Not every commodity is equal
Since the start of the corona crisis, commodities have not behaved as one investment category. Metals rose sharply from the start, but oil prices fell hard at first and have only just recovered from the historical drop in prices. This is mainly due to the demand for certain products and services. Due to the lockdowns, there were far fewer transport movements and the demand for energy, especially energy in the form of fossil fuels, fell sharply. Now that a large part of the population has been vaccinated, everyone feels like going out again. Instead of buying things during the lockdown, people now mainly buy services. The holidays will start soon, and the driving season has already begun in the United States. This has a major impact on the demand for energy. During the lockdown, a lot of consumer electronics were sold, as well as all kinds of equipment for working, learning, and shopping at home. Many people also started renovating their homes. This created a strong demand for metals in particular. Many wood suppliers were misled by the corona crisis. They had assumed that the corona crisis would lead to less demand for timber/lumber, only to be surprised by the strong demand last year. Timber prices seemed to have drifted off course for a while, when an average house became 10 percent more expensive, just because of the rise in lumber prices. Meanwhile, they have more than halved. Now that everyone is out and about again, demand for building materials and electronic equipment is falling back somewhat, although stocks remain extremely low and delivery times longer. Producers are now reacting to the sharp rise in prices.
In the third quarter, oil demand is likely to be back at pre-Corona levels. There is nothing as good for the oil price as a low oil price. The oil price was even negative for a while in April 2020. That has not only caused part of the supply to disappear. It is also not coming back so soon. It seems that there is more capital discipline among oil producers. That also has to do with sustainability trends. Even central bankers are warning banks and investors to stop investing in fossil fuels, because of the business risks associated with the energy transition. Producers, therefore, react less than before to the increased oil price. On top of that, Shell has been challenged by the courts on its CO2 emissions, and oil companies also see that cash flows generated by alternative fuels are valued much higher by the stock market than cash flows from fossil fuels. If they want to raise their own share price, they have to change course. Here too, capital discipline ensures higher oil prices. Good for the energy transition.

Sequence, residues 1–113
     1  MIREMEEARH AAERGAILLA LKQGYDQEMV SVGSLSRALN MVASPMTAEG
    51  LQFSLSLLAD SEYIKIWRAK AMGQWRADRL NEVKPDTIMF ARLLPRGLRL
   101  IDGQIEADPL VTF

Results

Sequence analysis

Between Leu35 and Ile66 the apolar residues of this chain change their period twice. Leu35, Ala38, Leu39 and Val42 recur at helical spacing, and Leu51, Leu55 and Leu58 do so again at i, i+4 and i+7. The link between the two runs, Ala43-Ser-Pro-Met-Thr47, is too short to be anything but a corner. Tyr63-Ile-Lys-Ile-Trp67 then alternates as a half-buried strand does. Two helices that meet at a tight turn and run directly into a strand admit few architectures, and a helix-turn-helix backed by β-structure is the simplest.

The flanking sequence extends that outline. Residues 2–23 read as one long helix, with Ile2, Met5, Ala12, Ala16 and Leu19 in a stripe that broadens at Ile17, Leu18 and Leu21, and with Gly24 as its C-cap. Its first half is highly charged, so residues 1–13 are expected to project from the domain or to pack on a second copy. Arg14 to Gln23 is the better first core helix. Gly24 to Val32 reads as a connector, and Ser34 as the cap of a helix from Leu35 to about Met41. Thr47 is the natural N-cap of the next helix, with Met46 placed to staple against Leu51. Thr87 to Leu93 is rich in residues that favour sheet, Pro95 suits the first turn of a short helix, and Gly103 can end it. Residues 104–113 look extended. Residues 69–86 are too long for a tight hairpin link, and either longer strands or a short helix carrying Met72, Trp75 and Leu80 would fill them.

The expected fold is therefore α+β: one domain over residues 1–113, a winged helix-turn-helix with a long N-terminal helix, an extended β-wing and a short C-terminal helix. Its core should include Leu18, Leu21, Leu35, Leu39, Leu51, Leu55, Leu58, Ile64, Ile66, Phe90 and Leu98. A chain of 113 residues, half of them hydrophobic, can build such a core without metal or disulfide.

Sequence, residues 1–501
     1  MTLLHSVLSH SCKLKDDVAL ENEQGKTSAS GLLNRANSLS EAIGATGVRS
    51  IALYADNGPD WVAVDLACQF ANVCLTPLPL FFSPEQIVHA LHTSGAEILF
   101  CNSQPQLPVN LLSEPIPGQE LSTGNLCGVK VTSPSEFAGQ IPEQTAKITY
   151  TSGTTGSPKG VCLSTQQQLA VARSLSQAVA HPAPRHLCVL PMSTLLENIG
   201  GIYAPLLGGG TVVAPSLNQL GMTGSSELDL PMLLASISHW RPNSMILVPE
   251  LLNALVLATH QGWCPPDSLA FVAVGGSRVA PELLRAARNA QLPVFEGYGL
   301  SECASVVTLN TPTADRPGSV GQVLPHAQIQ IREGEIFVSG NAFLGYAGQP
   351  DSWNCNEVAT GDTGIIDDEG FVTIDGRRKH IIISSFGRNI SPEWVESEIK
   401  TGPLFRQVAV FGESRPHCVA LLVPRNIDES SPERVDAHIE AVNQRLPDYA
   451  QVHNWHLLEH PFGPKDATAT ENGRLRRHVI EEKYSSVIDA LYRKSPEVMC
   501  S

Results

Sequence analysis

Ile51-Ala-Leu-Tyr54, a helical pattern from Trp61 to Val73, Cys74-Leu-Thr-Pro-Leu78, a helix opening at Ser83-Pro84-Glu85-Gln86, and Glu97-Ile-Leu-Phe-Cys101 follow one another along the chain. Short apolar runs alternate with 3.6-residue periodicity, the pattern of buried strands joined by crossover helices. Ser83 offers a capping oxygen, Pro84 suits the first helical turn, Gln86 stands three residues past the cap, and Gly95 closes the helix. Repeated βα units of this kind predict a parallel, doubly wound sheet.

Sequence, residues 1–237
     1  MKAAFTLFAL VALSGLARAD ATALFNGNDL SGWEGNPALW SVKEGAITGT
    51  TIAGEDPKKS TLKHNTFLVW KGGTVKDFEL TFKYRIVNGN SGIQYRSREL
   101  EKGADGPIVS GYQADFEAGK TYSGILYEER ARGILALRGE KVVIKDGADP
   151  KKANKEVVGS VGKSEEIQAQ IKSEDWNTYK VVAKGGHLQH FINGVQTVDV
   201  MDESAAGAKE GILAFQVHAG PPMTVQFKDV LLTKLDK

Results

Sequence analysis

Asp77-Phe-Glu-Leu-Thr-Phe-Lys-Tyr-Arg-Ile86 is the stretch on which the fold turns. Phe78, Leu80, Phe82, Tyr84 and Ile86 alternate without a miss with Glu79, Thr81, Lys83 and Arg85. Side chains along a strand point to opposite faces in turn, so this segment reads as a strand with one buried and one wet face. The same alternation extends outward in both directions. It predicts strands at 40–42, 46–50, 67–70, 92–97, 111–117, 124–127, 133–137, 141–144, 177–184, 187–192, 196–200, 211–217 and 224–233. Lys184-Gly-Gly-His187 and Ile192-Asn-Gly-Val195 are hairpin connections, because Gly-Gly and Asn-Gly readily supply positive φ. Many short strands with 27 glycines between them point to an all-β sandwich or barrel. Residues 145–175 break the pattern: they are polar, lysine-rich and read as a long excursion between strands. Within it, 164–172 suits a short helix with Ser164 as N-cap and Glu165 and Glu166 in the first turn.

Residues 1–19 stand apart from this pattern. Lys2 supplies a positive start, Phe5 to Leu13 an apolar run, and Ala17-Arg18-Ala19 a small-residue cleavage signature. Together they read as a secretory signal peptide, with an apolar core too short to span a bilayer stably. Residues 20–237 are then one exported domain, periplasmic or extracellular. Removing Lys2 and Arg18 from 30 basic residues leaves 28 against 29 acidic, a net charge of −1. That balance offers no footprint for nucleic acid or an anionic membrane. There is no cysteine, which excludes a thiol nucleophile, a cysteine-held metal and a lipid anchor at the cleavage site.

Agricultural commodities are highly dependent on weather conditions. At the moment, there is an extreme heatwave in Western Canada and the United States. As a result, spring wheat prices have risen to their highest level since 2013. The heat is affecting both quality and quantity. In Canada, there is already talk of the worst harvest ever. This also applies to rapeseed oil, for example. Rapeseed has a poor tolerance for warm weather, let alone the current heat. The prices for rapeseed oil have therefore risen to the highest level since 1982. In addition to a shortage of water and heat, the weather is also causing many more pests. In some cases, the crops are so badly affected that it is no longer worthwhile to harvest them. Corn and soy can withstand the heat better and the rising prices at the end of last year have increased the area under cultivation, almost as much as in the record year 2017. At the same time, stocks are low and that means that nothing can go wrong with the harvest. Too much or too little water can also cause problems here.
Demand for metals will decline as the economy opens up, but there are some exceptions. Especially metals that benefit from the energy transition remain in strong demand. Copper is crucial for electrification, not only in electric cars but also in the expansion of infrastructure, something that has already been boosted by the support plans of various governments. Then there are investors who are affected by commodities. A year ago, many investors abandoned their commodity investments, but this year it is back as the ultimate inflation hedge. Fortunately, inflation expectations are moderating somewhat, but count on further rising prices, especially in energy and agricultural commodities. This will also generate new demand from investors. Perhaps commodities will then start behaving more like a single asset class again.